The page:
Some elementaries should be kept clear if one tinkers with electromechanics. One of them is how the simplest possible fixed magnetization DC motor behaves. If we assume the DC motor doesn't suffer poor commutation nor magnetic non-idealities like iron saturation, but accept there's some resistance in windings and brushes, the motor has very simple math model. It is even more simple if we use SI units. That means for ex. we measure rotation speed as angular velocity in radians per second and rotation torque is in Newtonmeters instead of obscurities like ounzeinches. The model is in the scanned paper:
Rotating motor acts simultaneously as DC generator which generates internal voltage or "electromotive force" E which is simply a constant k x rotation velocity. The induction constant k contains all material& construction dependent things which connect electricity to mechanical phenomenas.
Motor accelerates after it's connected to a DC source (U) (assuming there's enough torque to win the friction). The induced voltage E increases, so the current (I) decreases because there's less voltage over the internal resistance.
The total power taken from the source goes partially to dissipation in the resistance, but the rest is converted to mechanical energy. As electrical quantity that power must be =IE.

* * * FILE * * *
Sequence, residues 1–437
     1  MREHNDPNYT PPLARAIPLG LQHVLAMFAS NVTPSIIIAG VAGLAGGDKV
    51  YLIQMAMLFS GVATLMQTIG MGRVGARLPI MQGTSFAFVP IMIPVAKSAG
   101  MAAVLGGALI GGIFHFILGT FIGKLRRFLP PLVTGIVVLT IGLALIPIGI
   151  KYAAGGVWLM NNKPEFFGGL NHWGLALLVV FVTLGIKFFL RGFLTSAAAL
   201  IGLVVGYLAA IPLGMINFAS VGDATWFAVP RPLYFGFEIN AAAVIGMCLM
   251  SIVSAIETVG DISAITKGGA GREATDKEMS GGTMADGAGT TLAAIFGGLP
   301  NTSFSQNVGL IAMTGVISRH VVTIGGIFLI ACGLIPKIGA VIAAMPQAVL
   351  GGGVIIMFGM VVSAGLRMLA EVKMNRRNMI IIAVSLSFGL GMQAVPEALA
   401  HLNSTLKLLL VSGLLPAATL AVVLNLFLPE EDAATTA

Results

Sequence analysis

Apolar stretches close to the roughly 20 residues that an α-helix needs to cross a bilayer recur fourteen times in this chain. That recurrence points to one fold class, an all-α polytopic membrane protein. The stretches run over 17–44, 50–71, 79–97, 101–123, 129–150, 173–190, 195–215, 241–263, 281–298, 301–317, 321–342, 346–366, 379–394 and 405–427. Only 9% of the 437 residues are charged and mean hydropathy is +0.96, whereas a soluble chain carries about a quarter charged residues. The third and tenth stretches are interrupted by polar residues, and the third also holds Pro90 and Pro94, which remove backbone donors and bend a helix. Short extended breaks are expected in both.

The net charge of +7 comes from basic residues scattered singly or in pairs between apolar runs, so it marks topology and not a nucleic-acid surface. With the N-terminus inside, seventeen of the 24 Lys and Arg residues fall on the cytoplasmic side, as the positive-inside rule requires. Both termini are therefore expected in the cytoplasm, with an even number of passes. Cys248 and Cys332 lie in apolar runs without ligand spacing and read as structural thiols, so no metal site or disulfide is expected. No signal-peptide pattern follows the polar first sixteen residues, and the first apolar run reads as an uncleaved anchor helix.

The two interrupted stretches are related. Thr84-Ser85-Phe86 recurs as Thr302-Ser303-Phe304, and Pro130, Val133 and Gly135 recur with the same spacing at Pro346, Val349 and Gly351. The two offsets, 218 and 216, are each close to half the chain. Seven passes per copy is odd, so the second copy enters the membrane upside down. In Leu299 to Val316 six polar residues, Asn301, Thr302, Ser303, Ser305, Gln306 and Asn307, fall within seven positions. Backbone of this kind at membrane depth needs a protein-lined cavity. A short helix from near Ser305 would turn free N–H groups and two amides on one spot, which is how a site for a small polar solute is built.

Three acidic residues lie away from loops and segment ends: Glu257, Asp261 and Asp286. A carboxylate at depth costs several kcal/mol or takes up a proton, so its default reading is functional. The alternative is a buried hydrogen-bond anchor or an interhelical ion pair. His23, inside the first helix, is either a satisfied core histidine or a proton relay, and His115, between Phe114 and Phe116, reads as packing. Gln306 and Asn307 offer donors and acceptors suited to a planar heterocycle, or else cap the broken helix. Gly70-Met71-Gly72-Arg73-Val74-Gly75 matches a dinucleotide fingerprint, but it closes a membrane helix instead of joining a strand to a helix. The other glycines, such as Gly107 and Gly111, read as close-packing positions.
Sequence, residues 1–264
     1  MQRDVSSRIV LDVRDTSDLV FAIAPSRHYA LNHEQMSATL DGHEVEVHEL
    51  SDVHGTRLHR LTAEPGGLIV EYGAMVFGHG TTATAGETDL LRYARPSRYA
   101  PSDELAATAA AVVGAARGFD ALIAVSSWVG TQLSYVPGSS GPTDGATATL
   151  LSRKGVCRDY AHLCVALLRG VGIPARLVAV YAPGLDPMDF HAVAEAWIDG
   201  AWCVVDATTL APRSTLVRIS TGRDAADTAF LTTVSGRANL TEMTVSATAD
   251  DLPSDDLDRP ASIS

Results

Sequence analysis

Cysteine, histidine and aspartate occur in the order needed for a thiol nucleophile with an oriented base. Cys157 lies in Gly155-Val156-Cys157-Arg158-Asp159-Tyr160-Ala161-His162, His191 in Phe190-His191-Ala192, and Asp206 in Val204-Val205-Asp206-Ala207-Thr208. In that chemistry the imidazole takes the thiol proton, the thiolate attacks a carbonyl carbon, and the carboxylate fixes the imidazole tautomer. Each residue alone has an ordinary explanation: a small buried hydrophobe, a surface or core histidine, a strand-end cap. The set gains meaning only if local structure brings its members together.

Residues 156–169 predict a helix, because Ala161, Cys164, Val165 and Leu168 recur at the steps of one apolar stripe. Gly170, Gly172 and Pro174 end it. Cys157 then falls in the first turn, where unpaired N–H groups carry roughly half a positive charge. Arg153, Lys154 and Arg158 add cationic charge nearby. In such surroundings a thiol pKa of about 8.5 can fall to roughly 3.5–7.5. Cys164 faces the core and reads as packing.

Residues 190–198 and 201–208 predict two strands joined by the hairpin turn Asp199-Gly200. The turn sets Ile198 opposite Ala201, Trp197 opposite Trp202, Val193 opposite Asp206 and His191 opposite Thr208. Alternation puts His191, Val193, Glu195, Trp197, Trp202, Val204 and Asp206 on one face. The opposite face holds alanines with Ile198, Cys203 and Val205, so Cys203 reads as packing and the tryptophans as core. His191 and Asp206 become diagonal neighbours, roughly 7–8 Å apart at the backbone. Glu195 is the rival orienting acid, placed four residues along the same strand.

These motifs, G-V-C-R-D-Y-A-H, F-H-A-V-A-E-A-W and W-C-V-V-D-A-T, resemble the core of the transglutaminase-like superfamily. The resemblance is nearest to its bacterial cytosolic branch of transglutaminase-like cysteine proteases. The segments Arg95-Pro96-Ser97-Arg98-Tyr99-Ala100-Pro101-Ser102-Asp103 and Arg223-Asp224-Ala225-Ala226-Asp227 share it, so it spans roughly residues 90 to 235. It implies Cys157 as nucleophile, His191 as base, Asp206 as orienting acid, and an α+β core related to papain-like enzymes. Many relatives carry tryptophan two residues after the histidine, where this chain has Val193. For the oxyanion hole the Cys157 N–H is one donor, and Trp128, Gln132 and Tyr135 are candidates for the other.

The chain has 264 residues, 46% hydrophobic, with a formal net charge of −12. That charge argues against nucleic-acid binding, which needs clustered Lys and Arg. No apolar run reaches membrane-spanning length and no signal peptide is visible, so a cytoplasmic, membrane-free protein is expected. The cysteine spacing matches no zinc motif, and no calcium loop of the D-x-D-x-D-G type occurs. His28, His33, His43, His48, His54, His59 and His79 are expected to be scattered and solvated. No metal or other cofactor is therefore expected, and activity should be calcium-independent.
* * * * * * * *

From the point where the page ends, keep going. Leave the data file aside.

Electrical power converted to mechanical has several targets. The speed increase needs a part as kinetic energy of the rotating masses (=the motor itself + the load). After the initial acceleration has ceased the motor keeps up constant torque T which is the sum of friction in the motor and how much the load needs to keep rotating at the achieved rotation speed.
The total rotation power in mechanical terms is rotation speed x torque. It must be equal with electrical rotation power. From that fact we get a formula for torque: T=kI.
With formula T=kI we can for ex. calculate what is the rotation speed with given k, U,R and torque.
Your simulation showed that the current decreased when the torque increased. Your simulation either is wrong or the motor is substantially more complex than the elementary fixed magnetization DC motor.
One part of the mechanical torque can grow at the same time when the motor current decreases in a simulation run. That's the torque which is needed to win the friction. It generally grows as the speed increases. When the acceleration decreases gradually, less torque is needed to accelerate rotating masses, so the total torque decreases but what's transferred out of the motor by the axle can still grow. That's the case when the inertial mass (more exactly "the moment of the inertia") is mostly inside the motor and the friction is mostly in the load.